• Well, I’ll be honest… I haven’t studied or read as much how to do a print self-publication as I have about digital self-publication. There’s just not that much talk or chatter about it. But it does sound like there’s a lot of work involved in print, which is somewhat of a barrier for potential self-publishers. I’ve been aware that the profit on POD is very narrow… it costs quite a bit to print, per book, especially compared to the per-book cost of something like the mass-market paperback (where it’s on an order of pennies per book). And that’s certainly a significant constraint on print self-publishing. As you point out, digital doesn’t have those contraints. Interestingly, I’ve followed some authors who have done print self-pubbing alongside digital who are talking about dropping or have dropped print support, because there’s just no sales there. Still, I ought to learn more about the print self-pub side of things though… if I were to ever self-publish I’d definitely want to include this as part of my offering – becaue I like print.

      • Even if I do go to e-pubbing at some point (and, as we’ve discussed before, my qualms are technical), I expect I will always do paper as well, for similar reasons. When I look at A Sane Woman, I think, “_This_ is how I wanted it to be.” Even if nobody buys it (and some people have, I hasten to add), that’s a particular pleasure.

        I just saw this article in the NY Times, about comic books and e-readers: It’s a volatile situation since, far more than traditional publishers at this point, comic book companies are fighting for survival (I talked about DC comics’ reboot of their entire line, which was driven by a hope for a few new readers, here:, as is B&N, and obviously nobody really knows the best course to follow. I think the main reason mainstream comics still exist at all is because they generate characters and stories for movies.

        I’m fine with e-books for regular books, but I do think comic books should be comic books, on paper, but I can understand why they’re trying to find a digital alternative.

      • Yes, I agree with your sentiment on the physical books. You can’t put an e-book on the shelf… so if you only digitally self-publish where’s the physical awesome that you proudly display on your own bookshelf, the proof of your accomplishment? If I had a book that people are buying, I’d kind of want to have that physical evidence.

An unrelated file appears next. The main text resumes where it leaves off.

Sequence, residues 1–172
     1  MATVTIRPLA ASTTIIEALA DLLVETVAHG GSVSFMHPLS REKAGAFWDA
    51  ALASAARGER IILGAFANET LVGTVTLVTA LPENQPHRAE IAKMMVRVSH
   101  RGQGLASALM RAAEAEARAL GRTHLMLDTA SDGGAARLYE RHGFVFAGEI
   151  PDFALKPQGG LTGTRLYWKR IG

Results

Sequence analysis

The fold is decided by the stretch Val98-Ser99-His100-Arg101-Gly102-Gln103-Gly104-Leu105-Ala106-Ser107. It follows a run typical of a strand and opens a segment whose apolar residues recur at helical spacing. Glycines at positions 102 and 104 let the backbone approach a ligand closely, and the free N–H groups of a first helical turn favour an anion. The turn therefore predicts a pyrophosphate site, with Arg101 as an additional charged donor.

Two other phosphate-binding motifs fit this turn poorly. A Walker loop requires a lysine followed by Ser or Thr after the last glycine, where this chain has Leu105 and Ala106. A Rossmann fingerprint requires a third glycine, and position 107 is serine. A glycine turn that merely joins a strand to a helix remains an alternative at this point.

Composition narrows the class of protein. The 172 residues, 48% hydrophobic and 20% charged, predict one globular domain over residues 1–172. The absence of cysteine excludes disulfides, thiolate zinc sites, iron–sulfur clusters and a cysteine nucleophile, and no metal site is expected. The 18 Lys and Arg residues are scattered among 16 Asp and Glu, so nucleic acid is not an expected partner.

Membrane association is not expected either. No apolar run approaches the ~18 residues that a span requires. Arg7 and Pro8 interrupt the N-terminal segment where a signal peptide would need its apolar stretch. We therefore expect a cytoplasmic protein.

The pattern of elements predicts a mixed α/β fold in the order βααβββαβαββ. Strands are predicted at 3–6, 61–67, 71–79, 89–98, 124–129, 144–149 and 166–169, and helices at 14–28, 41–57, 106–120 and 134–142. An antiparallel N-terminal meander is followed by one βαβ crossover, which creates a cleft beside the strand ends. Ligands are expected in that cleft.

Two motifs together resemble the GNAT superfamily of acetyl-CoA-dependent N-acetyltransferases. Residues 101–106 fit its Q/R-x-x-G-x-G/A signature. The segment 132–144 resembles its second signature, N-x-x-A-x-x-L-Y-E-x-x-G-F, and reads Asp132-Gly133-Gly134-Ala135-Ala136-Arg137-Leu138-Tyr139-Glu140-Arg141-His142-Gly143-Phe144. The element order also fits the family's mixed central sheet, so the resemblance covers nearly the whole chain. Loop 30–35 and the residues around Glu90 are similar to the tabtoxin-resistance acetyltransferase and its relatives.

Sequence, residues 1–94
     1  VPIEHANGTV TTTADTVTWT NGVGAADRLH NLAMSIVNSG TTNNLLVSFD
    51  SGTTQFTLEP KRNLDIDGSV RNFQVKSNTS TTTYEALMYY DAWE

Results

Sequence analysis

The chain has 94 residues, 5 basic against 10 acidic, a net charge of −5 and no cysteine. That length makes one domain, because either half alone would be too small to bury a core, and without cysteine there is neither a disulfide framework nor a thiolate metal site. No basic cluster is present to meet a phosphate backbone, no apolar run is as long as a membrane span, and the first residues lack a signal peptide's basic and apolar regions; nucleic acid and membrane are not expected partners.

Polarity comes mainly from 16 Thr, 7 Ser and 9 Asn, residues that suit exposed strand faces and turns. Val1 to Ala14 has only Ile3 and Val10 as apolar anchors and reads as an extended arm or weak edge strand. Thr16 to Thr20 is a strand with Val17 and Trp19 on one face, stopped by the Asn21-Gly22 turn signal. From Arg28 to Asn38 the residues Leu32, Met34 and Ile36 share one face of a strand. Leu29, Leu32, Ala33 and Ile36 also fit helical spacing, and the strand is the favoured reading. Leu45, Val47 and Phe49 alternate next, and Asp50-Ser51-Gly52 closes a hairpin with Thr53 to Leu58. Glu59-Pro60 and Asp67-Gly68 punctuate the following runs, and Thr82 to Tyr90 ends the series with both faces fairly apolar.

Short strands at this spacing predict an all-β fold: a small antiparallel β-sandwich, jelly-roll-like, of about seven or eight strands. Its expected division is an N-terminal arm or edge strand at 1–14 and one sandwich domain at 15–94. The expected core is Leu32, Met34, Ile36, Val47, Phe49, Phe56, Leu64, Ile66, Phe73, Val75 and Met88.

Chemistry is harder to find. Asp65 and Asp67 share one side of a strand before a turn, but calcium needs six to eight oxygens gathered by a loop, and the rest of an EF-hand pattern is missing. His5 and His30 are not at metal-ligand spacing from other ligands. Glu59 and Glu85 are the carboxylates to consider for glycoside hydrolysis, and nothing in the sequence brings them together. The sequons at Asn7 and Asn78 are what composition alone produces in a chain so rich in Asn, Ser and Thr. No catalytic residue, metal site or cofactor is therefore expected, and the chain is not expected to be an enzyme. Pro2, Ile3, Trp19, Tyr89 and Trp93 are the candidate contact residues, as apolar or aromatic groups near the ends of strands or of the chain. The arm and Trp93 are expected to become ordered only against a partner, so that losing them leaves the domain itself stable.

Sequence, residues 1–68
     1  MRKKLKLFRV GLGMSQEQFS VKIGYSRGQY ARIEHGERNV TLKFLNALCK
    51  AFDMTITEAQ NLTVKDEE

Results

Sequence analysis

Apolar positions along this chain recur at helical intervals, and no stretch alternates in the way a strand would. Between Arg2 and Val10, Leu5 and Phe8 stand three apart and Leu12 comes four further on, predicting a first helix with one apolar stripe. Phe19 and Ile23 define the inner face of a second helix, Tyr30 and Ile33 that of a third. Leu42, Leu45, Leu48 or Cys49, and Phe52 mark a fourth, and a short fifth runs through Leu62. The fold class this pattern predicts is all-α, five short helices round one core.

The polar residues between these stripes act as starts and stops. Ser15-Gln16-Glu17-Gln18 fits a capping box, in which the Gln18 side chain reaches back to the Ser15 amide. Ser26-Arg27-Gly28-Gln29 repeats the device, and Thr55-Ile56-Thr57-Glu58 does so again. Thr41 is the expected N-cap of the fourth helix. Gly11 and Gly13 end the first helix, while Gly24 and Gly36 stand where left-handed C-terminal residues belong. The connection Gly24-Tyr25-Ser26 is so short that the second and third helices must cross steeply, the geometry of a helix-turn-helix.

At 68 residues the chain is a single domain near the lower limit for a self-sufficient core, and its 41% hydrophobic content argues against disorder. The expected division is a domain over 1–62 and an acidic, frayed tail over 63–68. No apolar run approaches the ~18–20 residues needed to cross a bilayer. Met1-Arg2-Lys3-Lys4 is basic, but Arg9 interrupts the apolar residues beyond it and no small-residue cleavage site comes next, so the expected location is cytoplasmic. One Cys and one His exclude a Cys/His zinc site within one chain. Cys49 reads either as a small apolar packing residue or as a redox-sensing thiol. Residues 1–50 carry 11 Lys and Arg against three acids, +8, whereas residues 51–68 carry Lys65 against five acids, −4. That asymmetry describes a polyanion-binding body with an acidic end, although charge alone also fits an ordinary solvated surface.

I’d read about the situation with DC and the Amazon-exclusive. I think the whole thing is a shame: and I hope exclusives go the way of the dodo. I despise the very idea of third-party platform-exclusive content. I’ve got no problem with exclusive content that’s developed internally for the platform – but when others on the outside decide to take their content exclusive I think it hurts the market. (So, for instance, I’ve got no problem with Mario or Zelda being Nintendo-exclusive – those are properties developed internally at Nintendo. But it makes me sad when a Final Fantasy title is exclusive unless there’s a legitimate hardware issue that other platforms can’t address…) With books and e-books the idea of exclusive content rankles even more, because there is nothing inherent in one platform that makes it superior to another in terms of displaying static content – in other words there is no legitimate hardware issue between one color e-reader and another, so I seen no reason why a color title should be exclusive to one such e-reader. If Kindle were the only color e-reader on the market, I could understand. But it’s emphatically not: not with the Nook Color and iPad and Android-tablets also available.

        But I agree that comic books, in particular, aren’t a very good fit for e-readers, even color e-readers. (I highlight the color issue above because I realized that color was a critical component of the reading experience for comic books.) How do you handle a full-page spread, for instance? On an e-reader, it’s tough, because the screen isn’t large enough to handle it. An iPad or other 10+ inch reading device might be big enough. But the 7-inch or smaller screen of something like the Kindle Fire just seems way too small to do something like that justice.

  5. As I was just mentioning over at Tiyana’s blog, now that I’m going to put the mystery stories in print (real print, on paper) I’m finding all sorts of things to tweak that I’d never seen before. Punctuation, word choice, sentence structure. I’m sure this is because I still think of print publication as being more official, more real. As the teachers used to say when I was in school, “This is going on your permanent record card.” 🙂

  6. Pingback: Links to Chew On: Publishing, Dialog, Language, Culture, DRM, and Weirdness « The Undiscovered Author

  7. Pingback: Book Making: Biggest business blunders of self-publishing authors | The Independent Publishing Magazine